Israel-Palestine War’s Impact on Israel’s Tech Sector
On October 9, the investors and analysts said, the tech companies running in Israel are expected to reinforce security as they could face disruptions. The tech sector is on alert after Hamas gunmen from Gaza killed hundreds of Israelis and abducted an unknown number of people.
Stock and bond prices of Israeli companies plunged and many organizations were closed on Sunday as the Palestinian group Hamas rampaged through the towns of Israel on Saturday. In addition, militants also fired thousands of rockets in a surprise attack in Israel some of which reached Tel Aviv and led to airlines suspending their flights.
Jack Ablin, chief investment officer and founding partner at Cresset Wealth Advisors said, “It is a huge disruption to business as usual.” He also added that in a short while, resources can be redirected if the conflict expands, such as employees at tech companies being called up as military reservists.
Thoughts of World Leaders on Rising Conflict
Quincy Krosby, chief global strategist at LPL Financial in Charlotte, North Carolina, said there will likely be a “tremendous effort” to safeguard physical installations for companies based in Israel from attacks because some technology spending is tied to the military.
Nvidia, the world’s largest manufacturer of chips used in AI and computer graphics said, it had canceled an AI summit scheduled for Tel Aviv next week, where its CEO Jensen Huang was due to speak.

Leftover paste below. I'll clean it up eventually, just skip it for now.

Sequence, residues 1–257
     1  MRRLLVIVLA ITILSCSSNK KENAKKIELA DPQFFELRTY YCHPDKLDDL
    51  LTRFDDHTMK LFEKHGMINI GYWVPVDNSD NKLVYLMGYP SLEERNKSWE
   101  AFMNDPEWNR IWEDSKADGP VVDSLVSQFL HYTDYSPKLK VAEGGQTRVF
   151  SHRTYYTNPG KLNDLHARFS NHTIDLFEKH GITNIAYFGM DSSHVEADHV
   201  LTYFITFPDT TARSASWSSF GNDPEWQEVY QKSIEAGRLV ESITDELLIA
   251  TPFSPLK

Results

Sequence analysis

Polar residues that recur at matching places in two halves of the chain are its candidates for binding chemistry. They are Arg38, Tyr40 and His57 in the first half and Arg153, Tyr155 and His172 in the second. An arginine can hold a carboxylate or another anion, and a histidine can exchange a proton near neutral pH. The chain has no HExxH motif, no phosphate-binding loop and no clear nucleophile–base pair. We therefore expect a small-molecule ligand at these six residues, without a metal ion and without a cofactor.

A spokesperson from Intel Corp. said on Sunday that the company was “closely monitoring the situation in Israel and taking steps to safeguard and support our workers.” However, he refused to say if the chip production was affected by the conflict.
Other tech giants like Microsoft, Amazon, Google, Meta, and Apple gave no response when requested for their thoughts.
Increasing Artificial Intelligence Use in the Military
There are 500 MNCs operating in Israel most of them are research and development centres after acquiring Israeli start-ups. These MNCs include Intel, IBM, Apple, Microsoft, Google, and Facebook. Especially with the coming AI regulations, the RnD needed to bolster up.
Prime Minister Benjamin Netanyahu in June said Intel was planning to invest $25 billion in a new factory in the southern city of Kiryat Gat. In his words, it is the largest-ever international investment in the country that can employ thousands of people and would add to its chip plants and design centers there.
Quincy Krosby said, “In the longer term, the tech and AI sector, where Israel has been a leader, could see increased investment because of the industries’ close tie-in with military spending.” “They will probably increase the investment in AI. When a country is caught literally off guard the first thing they look at – besides the obvious problems with intelligence – is what was missed within the security systems.”
He further added, “It could bolster support for more financial resources for tech for the military, which then ultimately transitions to the private sector tech companies.”
The tech sector in the past has shown perseverance in overcoming a number of conflicts with Hamas in Gaza. Apjit Walia the Managing Director at DVN Capital said, “The Israeli tech sector has historically bounced back from geopolitical tragedies.” If the conflict prolongs, that may not be the case this time.